Well, the standard exposures of elementary school, you know, playing recorder and picking an instrument; I picked clarinet and started piano lessons around that time. Elementary and middle school would have been my first formal introduction. I grew up with my grandfather playing a 12-string acoustic guitar and singing little songs here and there throughout my childhood, so that was probably my first real exposure that got me into it. Which was nice, I’m glad it was a 12-string, ‘cause that ended up being what I learned to play guitar on, and it has such a nice sound that it kind of forced me to slow down and learn the chords properly. And then my dad had played guitar and bass and sang a bit. He never did it too much publicly, but we hear it every so often, and it was his old bass that I actually learned on first. I found his old bass and a couple how-to books and sat down in the basement, just playing away, learning the blues scale. That was what got me going.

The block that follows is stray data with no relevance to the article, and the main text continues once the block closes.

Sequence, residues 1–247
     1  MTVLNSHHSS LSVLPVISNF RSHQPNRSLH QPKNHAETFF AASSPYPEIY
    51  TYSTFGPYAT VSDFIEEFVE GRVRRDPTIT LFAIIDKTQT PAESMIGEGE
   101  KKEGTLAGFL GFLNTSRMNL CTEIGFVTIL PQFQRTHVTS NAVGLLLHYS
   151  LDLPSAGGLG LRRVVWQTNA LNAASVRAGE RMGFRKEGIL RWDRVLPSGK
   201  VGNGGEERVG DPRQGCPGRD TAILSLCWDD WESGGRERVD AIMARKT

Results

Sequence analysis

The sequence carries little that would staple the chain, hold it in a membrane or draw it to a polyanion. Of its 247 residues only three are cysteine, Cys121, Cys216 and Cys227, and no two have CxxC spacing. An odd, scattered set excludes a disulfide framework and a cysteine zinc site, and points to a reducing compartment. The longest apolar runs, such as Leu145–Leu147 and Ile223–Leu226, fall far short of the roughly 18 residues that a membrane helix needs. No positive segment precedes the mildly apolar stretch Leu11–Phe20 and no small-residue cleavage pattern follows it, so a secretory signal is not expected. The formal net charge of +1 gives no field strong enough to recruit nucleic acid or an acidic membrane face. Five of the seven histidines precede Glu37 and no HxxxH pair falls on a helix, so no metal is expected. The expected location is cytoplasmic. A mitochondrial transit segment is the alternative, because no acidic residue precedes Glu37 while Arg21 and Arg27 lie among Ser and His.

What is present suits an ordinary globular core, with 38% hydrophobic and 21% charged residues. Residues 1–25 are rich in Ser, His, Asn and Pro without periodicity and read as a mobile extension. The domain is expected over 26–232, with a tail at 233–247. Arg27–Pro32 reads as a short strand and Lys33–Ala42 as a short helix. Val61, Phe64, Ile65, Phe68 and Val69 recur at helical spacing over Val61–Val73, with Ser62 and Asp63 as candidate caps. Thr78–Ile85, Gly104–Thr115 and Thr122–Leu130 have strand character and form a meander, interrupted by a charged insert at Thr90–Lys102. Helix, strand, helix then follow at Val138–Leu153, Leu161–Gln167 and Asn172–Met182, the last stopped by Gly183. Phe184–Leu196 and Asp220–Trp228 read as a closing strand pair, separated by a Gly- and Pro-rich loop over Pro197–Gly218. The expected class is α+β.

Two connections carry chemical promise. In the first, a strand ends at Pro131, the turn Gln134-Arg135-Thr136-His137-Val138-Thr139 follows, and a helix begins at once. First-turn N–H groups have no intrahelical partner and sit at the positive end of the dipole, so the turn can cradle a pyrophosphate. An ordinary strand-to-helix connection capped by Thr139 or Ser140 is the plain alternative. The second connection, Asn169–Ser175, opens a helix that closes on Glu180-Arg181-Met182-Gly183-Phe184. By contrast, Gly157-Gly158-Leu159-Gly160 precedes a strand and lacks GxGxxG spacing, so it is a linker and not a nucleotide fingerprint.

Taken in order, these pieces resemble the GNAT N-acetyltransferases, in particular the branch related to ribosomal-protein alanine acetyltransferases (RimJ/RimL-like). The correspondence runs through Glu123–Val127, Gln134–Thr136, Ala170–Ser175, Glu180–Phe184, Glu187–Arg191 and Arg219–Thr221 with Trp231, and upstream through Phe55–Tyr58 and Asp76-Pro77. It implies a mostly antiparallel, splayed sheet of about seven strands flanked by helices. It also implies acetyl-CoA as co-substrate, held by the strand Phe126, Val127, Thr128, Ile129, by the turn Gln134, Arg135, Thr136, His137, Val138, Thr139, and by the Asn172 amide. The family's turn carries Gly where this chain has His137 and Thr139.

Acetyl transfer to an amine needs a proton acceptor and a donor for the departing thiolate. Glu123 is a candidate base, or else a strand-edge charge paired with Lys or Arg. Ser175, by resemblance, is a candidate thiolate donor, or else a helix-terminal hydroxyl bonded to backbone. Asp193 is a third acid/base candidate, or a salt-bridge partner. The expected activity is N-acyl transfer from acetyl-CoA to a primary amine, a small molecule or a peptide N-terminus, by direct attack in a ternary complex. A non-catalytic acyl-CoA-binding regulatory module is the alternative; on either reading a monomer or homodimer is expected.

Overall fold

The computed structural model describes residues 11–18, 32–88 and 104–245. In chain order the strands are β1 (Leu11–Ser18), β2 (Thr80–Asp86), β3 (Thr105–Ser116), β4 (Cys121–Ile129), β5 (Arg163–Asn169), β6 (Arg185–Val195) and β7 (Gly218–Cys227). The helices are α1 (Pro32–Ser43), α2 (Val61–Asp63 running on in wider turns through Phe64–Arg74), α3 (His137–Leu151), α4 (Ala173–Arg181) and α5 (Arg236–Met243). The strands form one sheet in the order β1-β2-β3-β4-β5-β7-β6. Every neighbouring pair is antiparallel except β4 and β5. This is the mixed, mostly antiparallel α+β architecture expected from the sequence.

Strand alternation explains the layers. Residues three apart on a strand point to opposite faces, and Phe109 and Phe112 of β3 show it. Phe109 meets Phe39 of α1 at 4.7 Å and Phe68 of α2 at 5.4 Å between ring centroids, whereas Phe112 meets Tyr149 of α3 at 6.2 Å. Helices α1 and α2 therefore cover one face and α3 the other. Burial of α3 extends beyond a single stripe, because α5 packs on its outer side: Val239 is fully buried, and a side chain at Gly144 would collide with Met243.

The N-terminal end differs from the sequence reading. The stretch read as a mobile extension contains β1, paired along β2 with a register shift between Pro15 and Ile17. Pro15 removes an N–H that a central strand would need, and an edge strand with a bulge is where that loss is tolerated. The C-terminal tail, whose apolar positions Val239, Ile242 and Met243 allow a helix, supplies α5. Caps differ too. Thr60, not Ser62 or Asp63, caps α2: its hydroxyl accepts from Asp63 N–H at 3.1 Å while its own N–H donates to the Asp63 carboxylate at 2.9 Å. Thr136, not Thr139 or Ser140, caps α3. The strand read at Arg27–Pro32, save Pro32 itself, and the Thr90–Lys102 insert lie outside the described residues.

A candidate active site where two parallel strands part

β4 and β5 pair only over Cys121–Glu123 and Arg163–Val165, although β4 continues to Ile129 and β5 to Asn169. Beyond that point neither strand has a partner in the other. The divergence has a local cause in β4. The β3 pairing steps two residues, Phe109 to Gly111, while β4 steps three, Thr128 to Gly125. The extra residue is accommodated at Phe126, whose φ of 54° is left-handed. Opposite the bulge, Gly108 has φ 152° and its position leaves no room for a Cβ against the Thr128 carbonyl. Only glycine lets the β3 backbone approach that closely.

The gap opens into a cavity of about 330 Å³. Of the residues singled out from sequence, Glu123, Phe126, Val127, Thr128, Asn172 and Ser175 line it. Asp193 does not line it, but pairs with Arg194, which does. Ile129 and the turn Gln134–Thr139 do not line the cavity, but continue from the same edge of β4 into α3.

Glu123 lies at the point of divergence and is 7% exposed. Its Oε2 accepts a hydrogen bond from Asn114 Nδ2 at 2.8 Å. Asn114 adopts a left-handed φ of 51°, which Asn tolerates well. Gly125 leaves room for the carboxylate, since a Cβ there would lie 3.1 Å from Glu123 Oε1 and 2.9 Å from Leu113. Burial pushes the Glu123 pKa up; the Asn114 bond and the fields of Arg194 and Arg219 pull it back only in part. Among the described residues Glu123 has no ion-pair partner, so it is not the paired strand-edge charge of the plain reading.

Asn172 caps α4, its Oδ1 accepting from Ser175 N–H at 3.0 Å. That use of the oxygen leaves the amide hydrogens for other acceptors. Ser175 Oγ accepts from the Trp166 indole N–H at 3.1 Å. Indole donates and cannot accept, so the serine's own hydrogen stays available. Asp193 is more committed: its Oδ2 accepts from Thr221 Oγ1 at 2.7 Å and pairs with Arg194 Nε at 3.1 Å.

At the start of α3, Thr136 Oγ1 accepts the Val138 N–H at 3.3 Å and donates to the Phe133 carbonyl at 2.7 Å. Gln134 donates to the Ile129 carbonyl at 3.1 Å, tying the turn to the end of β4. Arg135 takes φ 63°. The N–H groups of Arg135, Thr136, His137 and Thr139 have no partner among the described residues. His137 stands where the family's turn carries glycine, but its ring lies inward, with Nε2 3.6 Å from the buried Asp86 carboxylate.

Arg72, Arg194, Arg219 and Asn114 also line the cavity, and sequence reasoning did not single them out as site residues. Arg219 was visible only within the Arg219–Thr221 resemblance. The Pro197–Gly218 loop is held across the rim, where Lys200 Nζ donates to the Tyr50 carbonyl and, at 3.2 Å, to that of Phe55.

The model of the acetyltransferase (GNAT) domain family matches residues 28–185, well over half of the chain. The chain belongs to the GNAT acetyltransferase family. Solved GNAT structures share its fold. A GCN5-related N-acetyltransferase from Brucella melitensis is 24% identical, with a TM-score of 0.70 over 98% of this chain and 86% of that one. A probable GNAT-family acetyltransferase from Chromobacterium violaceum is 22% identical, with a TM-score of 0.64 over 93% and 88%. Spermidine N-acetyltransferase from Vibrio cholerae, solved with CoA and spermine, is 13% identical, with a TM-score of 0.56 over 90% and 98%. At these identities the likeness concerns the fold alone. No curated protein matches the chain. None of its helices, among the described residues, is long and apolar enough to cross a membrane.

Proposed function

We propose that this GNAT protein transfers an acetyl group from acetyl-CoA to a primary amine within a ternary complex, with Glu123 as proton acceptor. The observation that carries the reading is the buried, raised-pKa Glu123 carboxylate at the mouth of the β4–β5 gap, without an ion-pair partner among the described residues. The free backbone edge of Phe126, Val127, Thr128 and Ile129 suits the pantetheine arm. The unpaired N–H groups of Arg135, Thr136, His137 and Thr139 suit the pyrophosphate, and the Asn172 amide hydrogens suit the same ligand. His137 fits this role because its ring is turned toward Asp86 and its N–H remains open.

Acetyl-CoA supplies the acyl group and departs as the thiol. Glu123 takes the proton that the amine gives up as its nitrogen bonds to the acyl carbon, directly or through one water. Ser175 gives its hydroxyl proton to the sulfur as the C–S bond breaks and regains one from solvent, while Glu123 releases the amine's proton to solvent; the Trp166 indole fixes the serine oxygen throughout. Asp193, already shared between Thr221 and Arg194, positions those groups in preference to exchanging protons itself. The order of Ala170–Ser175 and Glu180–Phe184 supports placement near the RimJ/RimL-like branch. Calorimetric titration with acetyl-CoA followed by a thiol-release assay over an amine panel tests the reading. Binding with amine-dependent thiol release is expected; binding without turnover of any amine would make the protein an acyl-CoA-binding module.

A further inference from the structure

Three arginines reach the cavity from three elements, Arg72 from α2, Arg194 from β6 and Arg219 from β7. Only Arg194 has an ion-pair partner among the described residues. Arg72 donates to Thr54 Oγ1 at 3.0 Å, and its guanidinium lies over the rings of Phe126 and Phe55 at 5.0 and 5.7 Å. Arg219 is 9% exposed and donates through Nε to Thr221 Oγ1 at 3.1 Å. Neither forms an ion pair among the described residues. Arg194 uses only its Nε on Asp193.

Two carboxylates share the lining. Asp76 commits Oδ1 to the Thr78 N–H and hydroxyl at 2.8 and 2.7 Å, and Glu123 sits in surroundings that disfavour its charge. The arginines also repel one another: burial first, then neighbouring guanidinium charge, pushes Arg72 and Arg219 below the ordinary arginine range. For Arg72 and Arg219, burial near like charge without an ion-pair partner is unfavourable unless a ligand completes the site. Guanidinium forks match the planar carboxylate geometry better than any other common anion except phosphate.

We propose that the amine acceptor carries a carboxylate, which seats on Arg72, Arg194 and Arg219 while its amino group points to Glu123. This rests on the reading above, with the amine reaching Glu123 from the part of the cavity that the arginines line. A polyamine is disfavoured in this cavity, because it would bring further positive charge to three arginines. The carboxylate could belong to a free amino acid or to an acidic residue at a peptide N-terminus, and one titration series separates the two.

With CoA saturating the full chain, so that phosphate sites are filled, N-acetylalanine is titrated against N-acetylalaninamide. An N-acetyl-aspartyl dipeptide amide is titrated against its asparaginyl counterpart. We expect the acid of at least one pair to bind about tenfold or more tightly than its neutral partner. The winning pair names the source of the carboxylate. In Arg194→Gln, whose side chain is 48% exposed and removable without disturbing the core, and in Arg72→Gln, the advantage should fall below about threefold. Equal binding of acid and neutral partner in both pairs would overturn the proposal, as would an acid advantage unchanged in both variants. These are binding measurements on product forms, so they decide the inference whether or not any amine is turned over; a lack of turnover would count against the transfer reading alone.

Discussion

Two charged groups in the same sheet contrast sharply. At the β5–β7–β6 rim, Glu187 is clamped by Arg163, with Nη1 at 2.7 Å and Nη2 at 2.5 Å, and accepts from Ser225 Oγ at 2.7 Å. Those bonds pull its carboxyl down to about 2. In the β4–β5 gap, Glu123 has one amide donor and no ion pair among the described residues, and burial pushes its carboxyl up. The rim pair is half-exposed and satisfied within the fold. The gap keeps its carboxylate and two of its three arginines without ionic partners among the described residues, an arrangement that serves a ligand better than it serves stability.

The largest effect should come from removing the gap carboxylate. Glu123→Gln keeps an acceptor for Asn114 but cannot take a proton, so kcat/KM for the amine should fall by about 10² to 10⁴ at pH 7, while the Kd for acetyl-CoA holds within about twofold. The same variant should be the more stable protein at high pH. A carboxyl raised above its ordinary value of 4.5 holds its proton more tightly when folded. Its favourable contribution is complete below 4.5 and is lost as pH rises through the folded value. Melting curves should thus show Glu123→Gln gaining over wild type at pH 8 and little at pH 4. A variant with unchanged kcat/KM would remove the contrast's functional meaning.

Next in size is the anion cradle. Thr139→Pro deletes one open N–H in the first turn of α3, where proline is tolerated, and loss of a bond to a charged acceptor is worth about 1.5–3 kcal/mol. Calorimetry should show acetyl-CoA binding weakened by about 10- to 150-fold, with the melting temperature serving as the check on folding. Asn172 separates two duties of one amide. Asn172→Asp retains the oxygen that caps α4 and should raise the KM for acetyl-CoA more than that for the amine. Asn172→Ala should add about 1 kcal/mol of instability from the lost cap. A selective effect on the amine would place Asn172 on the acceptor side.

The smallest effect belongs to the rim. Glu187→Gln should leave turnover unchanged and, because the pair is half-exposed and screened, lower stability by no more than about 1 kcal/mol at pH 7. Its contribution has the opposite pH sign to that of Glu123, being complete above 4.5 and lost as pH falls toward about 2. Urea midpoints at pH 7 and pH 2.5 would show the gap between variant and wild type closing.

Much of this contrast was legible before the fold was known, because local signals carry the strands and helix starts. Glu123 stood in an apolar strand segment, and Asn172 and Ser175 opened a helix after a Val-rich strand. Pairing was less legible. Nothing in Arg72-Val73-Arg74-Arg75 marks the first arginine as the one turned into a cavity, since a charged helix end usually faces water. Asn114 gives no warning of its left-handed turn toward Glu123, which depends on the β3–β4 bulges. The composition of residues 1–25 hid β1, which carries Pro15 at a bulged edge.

How would you describe your musical style?
Well, I shared it with a kid down the street last week and he called it “whiskey country,” but that’s maybe one of the newer ones I heard. I would say it came from ska, and reggae, and kind of folk. It really focuses on storytelling, so I have a hard time pinning it down. I’d say I get a lot of my inspiration from folk and reggae, in both the lyricism, the messages of life, and the strumming patterns. I don’t totally know, but I’ve been called everything from reggae-ska to whiskey country. [laughs]
Whiskey country, that’s a new one!
Yeah, I don’t really know what it is, but I’m into it! [laughs]